Down 45% over the past 52 weeks, Marathon Oil (NYSE:MRO) stock hasn't delivered any sort of good news to its shareholders in a very long time -- but times, they are a-changing.
This morning, two separate analysts announced they are upgrading Marathon Oil stock to overweight, and assigning price targets as high as $21 (according to an update from TheFly.com). A third analyst, UBS, which had already rated the stock a buy, raised its price target to $17 per share, from a previous projection of $16.
What's got all these analysts so excited about Marathon Oil stock? Read on to find out.
Thing No. 1: All of a sudden, everyone loves Marathon
UBS loves Marathon, and has for some time (which hasn't prevented the stock from losing nearly half its market cap over the past year). Today, however, Capital One announced it is also in favor of the stock, upgrading to overweight, and Morgan Stanley clambered aboard the buy train as well, raising its price target from $18 to $21 a share.
Thing No. 2: Striking it rich in the oil patch
All three analysts seem to be keying off the same event in upgrading Marathon Oil shares. Here's how StreetInsider.com summarized UBS' announcement today: "MRO agreed to purchase privately held PayRock Energy for $888MM." UBS sees the deal as attractive because "PayRock has ~61,000 net surface acres & current production of" 9 million barrels of oil equivalent per day.
That's a lot of oil.
Thing No. 3: A steal of a deal
What really gets the analysts excited about this deal, though, is the price that Marathon Oil is paying. $888 million, although it sounds like a lot of money, is barely half the price that Bloomberg mentioned as a possible bid target back in May. It's even cheaper than the $1 billion that UBS was thinking might be the final purchase price.
Providing further context for the deal, UBS notes that Marathon is paying an "implied acreage value of $11,800/acre [which] is well below the ~$20,000/acre" that Devon Energy (NYSE:DVN) paid to acquire similar assets from Felix Energy LLC back in December. (Good news for Marathon, even if it sets Devon shareholders to banging their heads against walls.) So once again, on the surface at least, it looks like Marathon picked up some valuable assets for mere pennies on the dollar of their intrinsic value.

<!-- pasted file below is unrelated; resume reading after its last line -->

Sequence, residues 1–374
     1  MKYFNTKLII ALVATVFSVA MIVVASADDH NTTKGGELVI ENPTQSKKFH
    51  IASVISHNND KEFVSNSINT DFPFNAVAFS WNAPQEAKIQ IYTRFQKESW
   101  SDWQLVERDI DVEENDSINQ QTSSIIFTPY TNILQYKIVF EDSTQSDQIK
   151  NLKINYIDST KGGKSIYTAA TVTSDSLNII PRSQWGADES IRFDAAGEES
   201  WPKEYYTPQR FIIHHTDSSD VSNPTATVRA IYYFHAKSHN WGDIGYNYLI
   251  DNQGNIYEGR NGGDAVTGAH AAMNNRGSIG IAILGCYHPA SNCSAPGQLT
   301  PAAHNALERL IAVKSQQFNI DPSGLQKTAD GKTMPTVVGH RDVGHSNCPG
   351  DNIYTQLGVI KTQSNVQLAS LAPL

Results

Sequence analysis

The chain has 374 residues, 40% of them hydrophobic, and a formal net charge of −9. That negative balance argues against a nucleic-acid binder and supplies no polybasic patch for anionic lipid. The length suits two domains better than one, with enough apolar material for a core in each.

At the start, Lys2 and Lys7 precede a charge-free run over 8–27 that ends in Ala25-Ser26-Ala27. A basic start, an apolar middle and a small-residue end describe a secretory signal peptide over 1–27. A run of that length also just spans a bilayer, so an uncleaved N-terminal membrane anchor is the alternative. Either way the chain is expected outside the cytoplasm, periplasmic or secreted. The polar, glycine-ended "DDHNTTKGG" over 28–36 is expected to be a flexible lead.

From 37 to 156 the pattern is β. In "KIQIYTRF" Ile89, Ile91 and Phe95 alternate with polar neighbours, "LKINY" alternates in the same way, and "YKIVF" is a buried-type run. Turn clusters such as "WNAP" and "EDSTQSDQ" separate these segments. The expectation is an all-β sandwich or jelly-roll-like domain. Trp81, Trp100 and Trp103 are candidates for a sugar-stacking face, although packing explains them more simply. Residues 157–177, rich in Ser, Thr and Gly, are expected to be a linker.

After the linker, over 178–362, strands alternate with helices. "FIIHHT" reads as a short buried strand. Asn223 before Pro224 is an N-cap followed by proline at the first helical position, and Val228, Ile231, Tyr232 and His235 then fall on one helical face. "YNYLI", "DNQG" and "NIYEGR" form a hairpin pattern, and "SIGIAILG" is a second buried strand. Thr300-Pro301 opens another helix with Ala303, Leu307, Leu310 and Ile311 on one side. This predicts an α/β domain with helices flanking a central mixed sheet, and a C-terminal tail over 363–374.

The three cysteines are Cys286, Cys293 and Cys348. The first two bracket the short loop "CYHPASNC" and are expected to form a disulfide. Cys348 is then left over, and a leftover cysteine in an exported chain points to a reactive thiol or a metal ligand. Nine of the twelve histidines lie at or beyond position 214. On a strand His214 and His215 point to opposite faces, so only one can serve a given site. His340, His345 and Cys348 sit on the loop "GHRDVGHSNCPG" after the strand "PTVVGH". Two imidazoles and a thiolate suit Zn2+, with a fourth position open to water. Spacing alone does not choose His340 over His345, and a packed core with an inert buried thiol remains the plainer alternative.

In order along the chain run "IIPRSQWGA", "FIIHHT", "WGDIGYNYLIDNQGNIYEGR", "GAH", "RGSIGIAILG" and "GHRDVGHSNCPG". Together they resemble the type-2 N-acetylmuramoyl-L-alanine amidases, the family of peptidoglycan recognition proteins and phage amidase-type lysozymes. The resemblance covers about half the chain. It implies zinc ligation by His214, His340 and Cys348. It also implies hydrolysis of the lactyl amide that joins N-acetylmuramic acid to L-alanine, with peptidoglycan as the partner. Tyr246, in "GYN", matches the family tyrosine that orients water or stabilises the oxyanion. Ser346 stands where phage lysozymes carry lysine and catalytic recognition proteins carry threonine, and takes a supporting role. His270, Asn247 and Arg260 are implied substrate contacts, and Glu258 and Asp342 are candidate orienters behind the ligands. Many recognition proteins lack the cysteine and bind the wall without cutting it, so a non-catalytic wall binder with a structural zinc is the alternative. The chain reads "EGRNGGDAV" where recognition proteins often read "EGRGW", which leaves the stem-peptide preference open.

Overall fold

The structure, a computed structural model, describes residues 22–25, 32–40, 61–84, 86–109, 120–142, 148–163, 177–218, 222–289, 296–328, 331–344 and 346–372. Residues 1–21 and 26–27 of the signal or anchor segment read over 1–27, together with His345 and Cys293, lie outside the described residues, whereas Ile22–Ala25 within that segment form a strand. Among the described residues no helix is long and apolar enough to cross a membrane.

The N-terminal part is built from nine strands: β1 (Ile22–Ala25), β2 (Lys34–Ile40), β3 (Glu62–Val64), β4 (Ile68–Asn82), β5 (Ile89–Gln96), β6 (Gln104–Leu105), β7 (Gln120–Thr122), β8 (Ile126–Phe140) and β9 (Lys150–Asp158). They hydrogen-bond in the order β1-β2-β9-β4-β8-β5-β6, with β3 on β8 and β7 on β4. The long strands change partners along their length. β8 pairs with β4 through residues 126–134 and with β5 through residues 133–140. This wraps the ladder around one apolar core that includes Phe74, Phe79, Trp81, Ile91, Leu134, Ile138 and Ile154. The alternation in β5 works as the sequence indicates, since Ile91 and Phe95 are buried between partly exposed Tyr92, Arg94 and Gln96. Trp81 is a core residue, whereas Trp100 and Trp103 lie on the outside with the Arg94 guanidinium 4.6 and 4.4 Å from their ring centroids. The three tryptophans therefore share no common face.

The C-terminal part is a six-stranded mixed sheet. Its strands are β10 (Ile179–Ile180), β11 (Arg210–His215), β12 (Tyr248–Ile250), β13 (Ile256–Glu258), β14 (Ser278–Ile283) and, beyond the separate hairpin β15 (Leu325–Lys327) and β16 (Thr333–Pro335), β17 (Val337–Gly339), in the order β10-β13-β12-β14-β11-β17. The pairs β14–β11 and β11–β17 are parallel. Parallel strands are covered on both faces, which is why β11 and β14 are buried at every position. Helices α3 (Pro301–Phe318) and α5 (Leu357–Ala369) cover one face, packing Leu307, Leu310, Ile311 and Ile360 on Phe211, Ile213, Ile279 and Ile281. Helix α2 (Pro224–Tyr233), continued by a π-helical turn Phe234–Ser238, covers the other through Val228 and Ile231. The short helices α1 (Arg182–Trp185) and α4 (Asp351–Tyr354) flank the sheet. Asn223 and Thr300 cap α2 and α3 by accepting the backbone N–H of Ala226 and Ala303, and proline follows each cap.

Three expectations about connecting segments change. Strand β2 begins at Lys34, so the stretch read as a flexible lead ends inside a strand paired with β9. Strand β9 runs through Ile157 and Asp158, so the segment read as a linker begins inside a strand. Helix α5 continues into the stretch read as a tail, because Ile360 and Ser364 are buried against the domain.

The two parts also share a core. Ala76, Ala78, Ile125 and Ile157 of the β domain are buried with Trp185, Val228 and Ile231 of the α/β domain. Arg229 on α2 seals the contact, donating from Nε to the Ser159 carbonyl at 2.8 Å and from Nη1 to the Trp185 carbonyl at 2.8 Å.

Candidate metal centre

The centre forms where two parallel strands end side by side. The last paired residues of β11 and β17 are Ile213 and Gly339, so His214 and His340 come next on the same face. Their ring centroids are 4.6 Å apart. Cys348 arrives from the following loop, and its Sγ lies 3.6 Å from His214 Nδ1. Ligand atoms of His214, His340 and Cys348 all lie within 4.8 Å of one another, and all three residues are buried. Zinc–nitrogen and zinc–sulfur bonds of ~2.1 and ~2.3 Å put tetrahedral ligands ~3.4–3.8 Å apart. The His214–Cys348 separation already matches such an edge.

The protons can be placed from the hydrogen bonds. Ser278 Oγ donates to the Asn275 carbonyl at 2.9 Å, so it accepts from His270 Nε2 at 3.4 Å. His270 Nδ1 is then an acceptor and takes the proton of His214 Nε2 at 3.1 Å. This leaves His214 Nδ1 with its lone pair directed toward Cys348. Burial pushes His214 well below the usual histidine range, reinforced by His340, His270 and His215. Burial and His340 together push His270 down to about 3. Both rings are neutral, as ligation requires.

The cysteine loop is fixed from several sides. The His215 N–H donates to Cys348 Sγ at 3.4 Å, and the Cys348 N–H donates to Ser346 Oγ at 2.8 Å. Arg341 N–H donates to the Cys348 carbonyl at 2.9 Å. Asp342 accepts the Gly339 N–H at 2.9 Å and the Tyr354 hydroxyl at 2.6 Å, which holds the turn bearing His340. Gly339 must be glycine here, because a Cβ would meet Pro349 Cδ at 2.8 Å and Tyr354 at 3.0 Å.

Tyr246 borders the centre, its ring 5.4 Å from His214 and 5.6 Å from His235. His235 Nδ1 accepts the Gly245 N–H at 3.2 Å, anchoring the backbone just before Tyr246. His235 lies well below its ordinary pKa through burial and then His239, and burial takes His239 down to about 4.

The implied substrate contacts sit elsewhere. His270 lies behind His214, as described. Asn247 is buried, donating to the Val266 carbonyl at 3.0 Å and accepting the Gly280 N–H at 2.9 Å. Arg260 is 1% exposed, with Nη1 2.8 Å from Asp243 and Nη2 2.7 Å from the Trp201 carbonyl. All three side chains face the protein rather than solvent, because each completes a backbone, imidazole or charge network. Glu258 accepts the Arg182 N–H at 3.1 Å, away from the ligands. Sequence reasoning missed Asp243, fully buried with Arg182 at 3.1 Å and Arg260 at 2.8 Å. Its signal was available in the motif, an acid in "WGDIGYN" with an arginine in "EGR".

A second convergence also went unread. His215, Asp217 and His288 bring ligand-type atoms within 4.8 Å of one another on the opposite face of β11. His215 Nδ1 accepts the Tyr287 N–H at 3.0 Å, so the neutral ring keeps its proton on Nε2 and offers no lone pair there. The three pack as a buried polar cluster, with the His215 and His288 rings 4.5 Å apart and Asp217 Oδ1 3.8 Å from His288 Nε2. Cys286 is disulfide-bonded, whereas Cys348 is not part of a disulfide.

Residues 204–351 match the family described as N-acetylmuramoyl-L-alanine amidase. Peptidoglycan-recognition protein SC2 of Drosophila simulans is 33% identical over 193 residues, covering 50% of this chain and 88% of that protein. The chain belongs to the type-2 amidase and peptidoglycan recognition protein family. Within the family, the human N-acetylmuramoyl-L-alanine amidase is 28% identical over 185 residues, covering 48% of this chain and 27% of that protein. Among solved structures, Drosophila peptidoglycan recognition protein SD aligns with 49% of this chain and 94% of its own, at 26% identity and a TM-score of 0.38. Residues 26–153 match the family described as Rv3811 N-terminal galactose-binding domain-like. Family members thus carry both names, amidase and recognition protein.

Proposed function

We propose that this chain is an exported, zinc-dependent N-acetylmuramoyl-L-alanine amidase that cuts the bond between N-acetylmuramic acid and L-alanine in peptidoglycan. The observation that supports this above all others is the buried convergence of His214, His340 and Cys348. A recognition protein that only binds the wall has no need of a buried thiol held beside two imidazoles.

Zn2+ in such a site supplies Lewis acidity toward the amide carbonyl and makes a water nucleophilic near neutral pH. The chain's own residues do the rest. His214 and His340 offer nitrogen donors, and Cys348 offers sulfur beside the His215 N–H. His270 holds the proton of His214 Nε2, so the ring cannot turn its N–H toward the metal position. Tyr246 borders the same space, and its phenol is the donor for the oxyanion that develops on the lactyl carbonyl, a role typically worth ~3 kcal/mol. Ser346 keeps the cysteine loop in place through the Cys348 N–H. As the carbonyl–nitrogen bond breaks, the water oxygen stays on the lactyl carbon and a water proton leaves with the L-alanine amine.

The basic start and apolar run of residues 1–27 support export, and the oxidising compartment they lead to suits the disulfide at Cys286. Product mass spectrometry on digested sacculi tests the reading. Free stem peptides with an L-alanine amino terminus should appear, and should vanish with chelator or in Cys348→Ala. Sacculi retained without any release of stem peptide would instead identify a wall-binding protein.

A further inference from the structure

The deal is so cheap, in fact, that Marathon says it can buy the assets out of its own cash reserves, which at last report exceeded $2 billion. And it's happy to do so, calling PayRock Energy's oil possessions "high margin" and "high quality inventory [that] will meaningfully expand the quality and scale of Marathon Oil's existing portfolio in one of the best unconventional oil plays in the U.S."
The most important thing: Valuation
That Marathon is getting a steal of a deal in PayRock does not seem to be in dispute. Everyone on Wall Street agrees that Marathon has struck gold with this acquisition. But will investors who follow the analysts' advice, and buy Marathon Oil stock today, and similarly strike it rich?
That's a much tougher call.
Granted, oil prices are on the rise, closing on the $50 mark again today, and having approached a recent high of $52 per barrel earlier this month. On the other hand, these higher prices haven't helped out Marathon much. The stock hasn't been profitable in more than a year, and Marathon has burned through more than $1.1 billion in negative free cash flow over the past 12 months.
What's more, even if oil prices do keep going up, that won't necessarily pull Marathon Oil out of the tar pit. It took oil prices in the low $100s to keep Marathon Oil free cash flow-positive in 2013 and 2014. Any price much below $100, however (as seen, for example, in 2013, and again in 2015) quickly destroyed the company's ability to produce positive cash profits from its business.
Long story short? The analysts are probably right about PayRock being a net positive for Marathon Oil stock. But the big picture remains the same: Unless oil prices recover, and indeed surge into the triple digits again -- and stay there -- it's going to be a very long race, and a hard one for Marathon to win.
Fool contributor Rich Smith does not own shares of, nor is he short, any company named above. You can find him on Motley Fool CAPS, publicly pontificating under the handle TMFDitty, where he currently ranks No. 288 out of more than 75,000 rated members.
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